A (high resolution) map of GM free areas is available from the press office at Friends of the Earth. Those areas coloured green have passed the strongest policies to oppose GM crops and food. Local authorities that have passed GM-free resolutions are: County councils: Cornwall,* Cumbria,* Dorset, Devon, Somerset, Warwickshire*, Lancashire, Shropshire*, Oxfordshire*, Staffordshire, Gloucestershire*, Hampshire*, Unitary authorities: Bath and North East Somerset, Brighton and Hove City Council*, Bristol City Council*, South Gloucestershire*, York City Council*, London Borough of Southwark*, Newcastle, Dudley Metropolitan Borough council*, Gravesham borough council*, Districts: South Hams (Devon)*, South Somerset*, Penwith (SW), Ryedale*, East Riding of Yorkshire *, Chesterfield, Wokingham*, Wealden (E Sussex), Mid Devon*, Weymouth, West Lindsey, Bournemouth, Colchester* National Parks Authorities Lake District National Parks Authority*, North York Moors, Scotland: Highland Council, West Lothian* Town/Parish councils: Bridport (Dorset), Norton Radstock (within Bath & NE Somerset), Goole (East Yorkshire), Edenthorpe Parish Council.
(Those with an * have committed to using the new EU legislation - see below.)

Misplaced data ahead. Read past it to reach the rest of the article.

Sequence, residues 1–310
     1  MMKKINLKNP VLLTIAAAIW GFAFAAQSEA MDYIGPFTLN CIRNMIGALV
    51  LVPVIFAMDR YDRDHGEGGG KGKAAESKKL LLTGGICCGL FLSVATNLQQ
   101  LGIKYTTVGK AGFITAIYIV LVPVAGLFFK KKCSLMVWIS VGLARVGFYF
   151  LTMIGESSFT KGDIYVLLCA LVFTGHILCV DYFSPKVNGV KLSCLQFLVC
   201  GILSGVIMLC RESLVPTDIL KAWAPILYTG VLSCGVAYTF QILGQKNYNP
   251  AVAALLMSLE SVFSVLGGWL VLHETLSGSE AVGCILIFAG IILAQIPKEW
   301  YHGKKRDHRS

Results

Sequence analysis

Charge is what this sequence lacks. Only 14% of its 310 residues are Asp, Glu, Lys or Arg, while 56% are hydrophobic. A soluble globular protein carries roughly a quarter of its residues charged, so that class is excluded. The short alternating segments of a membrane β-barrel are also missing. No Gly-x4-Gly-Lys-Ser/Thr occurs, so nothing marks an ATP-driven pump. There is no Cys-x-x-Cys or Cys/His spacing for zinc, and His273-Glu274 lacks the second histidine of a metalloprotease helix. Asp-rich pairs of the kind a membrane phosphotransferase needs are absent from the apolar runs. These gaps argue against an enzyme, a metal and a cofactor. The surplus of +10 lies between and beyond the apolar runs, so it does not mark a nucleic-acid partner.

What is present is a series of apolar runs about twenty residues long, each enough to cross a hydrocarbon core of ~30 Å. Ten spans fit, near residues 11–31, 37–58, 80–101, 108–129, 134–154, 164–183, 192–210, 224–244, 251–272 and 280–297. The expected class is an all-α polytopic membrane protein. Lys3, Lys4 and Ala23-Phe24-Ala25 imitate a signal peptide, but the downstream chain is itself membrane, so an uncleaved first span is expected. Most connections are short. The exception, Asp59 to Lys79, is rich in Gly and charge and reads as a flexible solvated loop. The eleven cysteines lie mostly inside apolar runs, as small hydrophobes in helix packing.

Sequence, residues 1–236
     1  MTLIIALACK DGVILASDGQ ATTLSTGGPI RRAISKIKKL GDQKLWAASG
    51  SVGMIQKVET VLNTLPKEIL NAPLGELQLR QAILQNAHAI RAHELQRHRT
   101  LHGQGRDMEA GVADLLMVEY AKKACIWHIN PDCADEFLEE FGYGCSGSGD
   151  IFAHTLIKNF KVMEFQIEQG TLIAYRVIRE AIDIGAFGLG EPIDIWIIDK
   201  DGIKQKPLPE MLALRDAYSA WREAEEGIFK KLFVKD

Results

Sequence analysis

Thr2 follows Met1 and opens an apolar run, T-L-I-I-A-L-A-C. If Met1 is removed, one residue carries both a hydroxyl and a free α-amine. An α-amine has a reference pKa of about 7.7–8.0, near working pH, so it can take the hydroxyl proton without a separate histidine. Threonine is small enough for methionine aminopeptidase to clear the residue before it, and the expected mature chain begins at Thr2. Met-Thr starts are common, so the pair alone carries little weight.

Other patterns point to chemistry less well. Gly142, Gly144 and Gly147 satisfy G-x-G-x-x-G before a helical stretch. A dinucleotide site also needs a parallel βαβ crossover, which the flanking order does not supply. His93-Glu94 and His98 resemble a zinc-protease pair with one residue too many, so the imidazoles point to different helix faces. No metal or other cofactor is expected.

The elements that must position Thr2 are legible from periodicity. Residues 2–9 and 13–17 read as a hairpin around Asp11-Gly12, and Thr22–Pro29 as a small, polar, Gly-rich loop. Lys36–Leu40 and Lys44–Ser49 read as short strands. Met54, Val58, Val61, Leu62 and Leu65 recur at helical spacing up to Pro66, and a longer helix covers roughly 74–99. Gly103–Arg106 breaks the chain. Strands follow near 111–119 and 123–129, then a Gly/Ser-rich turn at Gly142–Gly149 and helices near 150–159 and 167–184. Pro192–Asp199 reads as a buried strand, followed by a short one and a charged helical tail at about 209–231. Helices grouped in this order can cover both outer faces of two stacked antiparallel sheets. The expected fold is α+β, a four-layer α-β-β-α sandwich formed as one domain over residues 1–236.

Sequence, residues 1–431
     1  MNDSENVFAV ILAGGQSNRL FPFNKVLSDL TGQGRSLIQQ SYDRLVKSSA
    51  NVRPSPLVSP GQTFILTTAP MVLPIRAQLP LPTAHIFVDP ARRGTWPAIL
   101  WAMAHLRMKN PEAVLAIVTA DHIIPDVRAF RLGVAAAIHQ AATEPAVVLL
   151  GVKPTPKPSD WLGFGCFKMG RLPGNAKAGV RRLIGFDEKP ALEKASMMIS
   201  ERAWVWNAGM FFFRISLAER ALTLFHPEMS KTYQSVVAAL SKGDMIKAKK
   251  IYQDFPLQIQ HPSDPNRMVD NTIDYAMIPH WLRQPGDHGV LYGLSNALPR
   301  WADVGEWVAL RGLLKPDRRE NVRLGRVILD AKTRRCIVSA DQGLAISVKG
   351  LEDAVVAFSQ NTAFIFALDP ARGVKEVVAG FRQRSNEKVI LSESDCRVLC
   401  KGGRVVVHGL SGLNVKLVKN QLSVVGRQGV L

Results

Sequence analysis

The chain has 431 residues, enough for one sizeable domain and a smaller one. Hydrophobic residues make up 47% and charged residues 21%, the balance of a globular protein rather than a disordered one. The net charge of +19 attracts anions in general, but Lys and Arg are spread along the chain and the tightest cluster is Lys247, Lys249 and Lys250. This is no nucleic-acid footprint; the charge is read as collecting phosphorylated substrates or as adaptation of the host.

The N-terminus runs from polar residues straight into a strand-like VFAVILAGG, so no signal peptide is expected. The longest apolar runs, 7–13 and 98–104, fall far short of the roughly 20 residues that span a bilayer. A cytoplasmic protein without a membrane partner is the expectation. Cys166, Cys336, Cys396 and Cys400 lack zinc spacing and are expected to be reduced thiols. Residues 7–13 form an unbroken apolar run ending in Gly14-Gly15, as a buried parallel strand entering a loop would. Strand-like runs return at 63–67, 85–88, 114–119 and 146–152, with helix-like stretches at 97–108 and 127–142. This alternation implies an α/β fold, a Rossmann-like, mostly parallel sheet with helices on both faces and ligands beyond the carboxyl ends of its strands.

Councils can request legal protection for their areas from particular GM crops using Article 19 of the Deliberate Release Directive 2001/18/EC. For more explanation see briefing on GM-Free local areas:
www.foe.co.uk/resource/briefings/gmfree_local_areas.pdf (PDF format)
 Text of the resolution:
25 February 2004
- That the County Council updates its precautionary GM Policy to reflect recent changes in EU Law, the findings of the latest Government reports and crop trials and feedback from the County Council's GM Debate as follows:
That the County Council will:
- Not provide meals containing detectable genetically modified ingredients, in line with the latest EU legal standards.
- Advise Hampshire food businesses on the requirements of the new EU Regulations on GM Food Labelling and enforce the new rules via Trading Standards inspections, traceability checks, sampling and analysis.
- Not permit the growing of GM crops on County Council land and request the Government, as far as possible, to keep Hampshire free from GM crops by using Article 19 of EU Directive 2001/18/EC
- Use its own scientific and food inspection protocols to identify non-GM alternatives to permitted GM ingredients and urge the UK Government to invest in further independent scientific research on the effects of GM.
- Request that, because of Hampshire's unusually rich biological diversity, the government consults Hampshire County Council on any proposed trialling or commercial growing of any GM crops in the County before any consents are given.
- Requests the UK Government to keep the UK GM-free until it has scientific evidence that there are no significant risks to human health or the environment.
- Encourage District and Unitary Councils in Hampshire to adopt this or a similar policy with respect to their land and services.
- That officers prepare a non-technical guidance note on the precautionary GM policy for dissemination to interested parties. T. K. THORNBER, C.B.E.
 Friends of the Earth supports Conservative MP Gregory Barker who has brought forward a Bill to set such laws. The Bill will be debated in Parliament on 26th March 2004.